The ATP Finals are nearly upon us to bring the curtain down on another brilliant season of men’s tennis – and we have everything you need to know about it.
The ATP Finals is the culmination of the men’s tennis season and is contested each year by the top eight players in the world.
Qualification is determined by ranking points over the course of the year, giving players incentive to carry on pushing themselves even after the last Grand Slam of the season.
The format of the competition is slightly different to other competitions on the ATP Tour too. It is similar to the football world cup in the sense that players are first divided into groups and play round-robin matches to attempt to qualify for the knockout phase.
The final standing of each group is determined by the first of the following methods that apply:
a) Greatest number of wins;
b) Greatest number of matches played (2-1 won-loss record beats a 2-0 won-loss record; a 1-2 record beats a 1-0 record)
c) Head-to-head results if only two (2) players are tied.
If three players are tied, a very complicated formula is applied, but that’s very rare.
In 2019, they’ll take place over the course of seven days from November 10 to November 17.
Where are the ATP Finals played?
As in previous years, the ATP Finals will be held at The O2 Arena in London. That has been the tournament’s home from 2009 when its modern incarnation began.
However, from 2021 they will have a new home, with Turin in Italy winning the bidding war earlier this year.
Rather neatly, the 2019 ATP Finals will be contested by the current top eight ranked players in the world. That could change, however, with world No 1 Rafael Nadal currently an injury doubt.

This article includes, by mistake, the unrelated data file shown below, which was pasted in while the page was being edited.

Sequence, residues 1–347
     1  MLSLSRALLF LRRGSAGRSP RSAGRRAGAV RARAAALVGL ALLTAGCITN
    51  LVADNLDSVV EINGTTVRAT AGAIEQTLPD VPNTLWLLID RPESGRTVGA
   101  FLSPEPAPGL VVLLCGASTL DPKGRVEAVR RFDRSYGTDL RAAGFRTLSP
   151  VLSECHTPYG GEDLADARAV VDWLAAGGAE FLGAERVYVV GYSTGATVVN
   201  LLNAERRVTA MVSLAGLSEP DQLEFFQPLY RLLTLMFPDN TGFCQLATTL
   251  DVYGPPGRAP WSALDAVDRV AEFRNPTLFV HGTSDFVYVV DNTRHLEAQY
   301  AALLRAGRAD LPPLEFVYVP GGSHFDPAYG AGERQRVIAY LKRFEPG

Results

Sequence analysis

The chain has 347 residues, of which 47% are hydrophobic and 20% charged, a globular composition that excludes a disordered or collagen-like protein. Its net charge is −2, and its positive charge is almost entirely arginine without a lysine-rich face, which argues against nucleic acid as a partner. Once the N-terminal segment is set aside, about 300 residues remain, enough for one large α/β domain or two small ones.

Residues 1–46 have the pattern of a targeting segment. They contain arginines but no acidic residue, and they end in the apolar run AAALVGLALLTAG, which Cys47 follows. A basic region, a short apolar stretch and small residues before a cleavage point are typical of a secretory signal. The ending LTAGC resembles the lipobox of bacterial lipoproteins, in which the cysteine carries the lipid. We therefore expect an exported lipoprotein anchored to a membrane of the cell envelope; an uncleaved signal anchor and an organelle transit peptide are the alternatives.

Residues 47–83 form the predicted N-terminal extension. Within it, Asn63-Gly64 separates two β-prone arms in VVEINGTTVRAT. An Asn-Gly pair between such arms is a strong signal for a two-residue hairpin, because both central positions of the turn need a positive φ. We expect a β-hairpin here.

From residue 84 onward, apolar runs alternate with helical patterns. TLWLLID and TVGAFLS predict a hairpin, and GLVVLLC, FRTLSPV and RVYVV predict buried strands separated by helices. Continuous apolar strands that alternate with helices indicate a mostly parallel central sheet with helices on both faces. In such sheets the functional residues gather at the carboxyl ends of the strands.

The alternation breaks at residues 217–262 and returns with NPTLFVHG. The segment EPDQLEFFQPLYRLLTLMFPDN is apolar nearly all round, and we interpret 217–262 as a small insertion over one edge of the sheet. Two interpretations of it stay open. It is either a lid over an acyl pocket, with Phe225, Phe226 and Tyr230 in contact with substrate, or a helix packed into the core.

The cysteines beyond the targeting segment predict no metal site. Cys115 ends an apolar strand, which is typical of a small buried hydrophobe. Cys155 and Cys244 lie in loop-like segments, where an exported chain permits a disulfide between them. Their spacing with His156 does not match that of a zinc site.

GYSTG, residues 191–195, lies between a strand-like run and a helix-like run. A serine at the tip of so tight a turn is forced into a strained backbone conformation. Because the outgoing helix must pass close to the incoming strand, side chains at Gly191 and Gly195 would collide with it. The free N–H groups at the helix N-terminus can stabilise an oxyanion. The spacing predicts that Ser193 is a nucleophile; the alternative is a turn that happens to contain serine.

Should he fail to make it, world No 9 Roberto Bautista Agut will step into his spot.
Like with semi-finals qualification, there is a quite complicated criteria for qualification, with a player ranked 8-20 in the world able to qualify should they win a Grand Slam. However, this year, with the Grand Slams neatly divided up between Novak Djokovic and Nadal, that hasn’t been necessary.
The full line-up (world ranking in brackets)
Group Andre Agassi
Rafael Nadal (1)
Daniil Medvedev (4)
Stefanos Tsitsipas (6)
Alexander Zverev (7)
Group Bjorn Borg
Novak Djokovic (2)
Roger Federer (3)
Dominic Thiem (5)
Matteo Berrettini (8)
Prestige is the first prize. After all, only Grand Slams rank higher than the ATP Finals in terms of importance on the Tour.
This year, ranking points will be valuable too, with Nadal and Djokovic righting it out for the coveted year-end world No 1 spot.
Nadal currently has a 640-point lead over the Serb, who finished 2018 as the year-end No 1, but with 200 points on offer for every round robin win, 400 for a semi-final win, and 500 for the winner, players are able to accumulate a very impressive total over the course of the week.
The $1,280,000 for the winner must be nice too, of course.
Yes, but you’ll need an Amazon Prime or TennisTV subscription to access them in the UK.
ESPN, Tennis Channel, Eurosport, BeIN Sport, and TSN are among the ATP’s official international broadcast partners.
Novak Djokovic is the favourite with bookies, probably due to Rafael Nadal’s injury concerns. In fact, 11/2 Nadal is fourth favourite with Bet365 and many others behind 5/1 Medvedev, 4/1 Federer, and 5/4 Djokovic.
Defending champion Zverev can be backed at around 12/1, just ahead of the 14/1 pair Dominic Thiem and Stefanos Tsitsipas ,who won the Next Gen Finals last season.
Newcomer to the top 10 Matteo Berrettini is the clear outsider at around 25/1.
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